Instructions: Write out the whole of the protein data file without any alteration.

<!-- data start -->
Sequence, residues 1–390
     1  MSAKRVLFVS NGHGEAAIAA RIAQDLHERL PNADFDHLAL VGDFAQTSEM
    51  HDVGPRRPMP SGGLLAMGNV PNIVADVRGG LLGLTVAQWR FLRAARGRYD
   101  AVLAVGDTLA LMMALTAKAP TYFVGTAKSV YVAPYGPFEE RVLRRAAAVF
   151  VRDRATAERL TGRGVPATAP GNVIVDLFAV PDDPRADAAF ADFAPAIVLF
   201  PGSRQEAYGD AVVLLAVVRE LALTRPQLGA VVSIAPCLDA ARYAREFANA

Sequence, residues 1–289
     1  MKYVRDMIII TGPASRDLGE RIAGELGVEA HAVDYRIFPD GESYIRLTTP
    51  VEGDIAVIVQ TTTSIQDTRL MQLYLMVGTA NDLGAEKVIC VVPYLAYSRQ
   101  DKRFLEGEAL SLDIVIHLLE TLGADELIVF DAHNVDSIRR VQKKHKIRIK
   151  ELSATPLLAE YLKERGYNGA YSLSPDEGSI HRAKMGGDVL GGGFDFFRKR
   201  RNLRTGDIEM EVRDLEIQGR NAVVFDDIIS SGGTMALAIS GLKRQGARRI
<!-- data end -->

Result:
Sequence, residues 1–390
     1  MSAKRVLFVS NGHGEAAIAA RIAQDLHERL PNADFDHLAL VGDFAQTSEM
    51  HDVGPRRPMP SGGLLAMGNV PNIVADVRGG LLGLTVAQWR FLRAARGRYD
   101  AVLAVGDTLA LMMALTAKAP TYFVGTAKSV YVAPYGPFEE RVLRRAAAVF
   151  VRDRATAERL TGRGVPATAP GNVIVDLFAV PDDPRADAAF ADFAPAIVLF
   201  PGSRQEAYGD AVVLLAVVRE LALTRPQLGA VVSIAPCLDA ARYAREFANA

Sequence, residues 1–289
     1  MKYVRDMIII TGPASRDLGE RIAGELGVEA HAVDYRIFPD GESYIRLTTP
    51  VEGDIAVIVQ TTTSIQDTRL MQLYLMVGTA NDLGAEKVIC VVPYLAYSRQ
   101  DKRFLEGEAL SLDIVIHLLE TLGADELIVF DAHNVDSIRR VQKKHKIRIK
   151  ELSATPLLAE YLKERGYNGA YSLSPDEGSI HRAKMGGDVL GGGFDFFRKR
   201  RNLRTGDIEM EVRDLEIQGR NAVVFDDIIS SGGTMALAIS GLKRQGARRI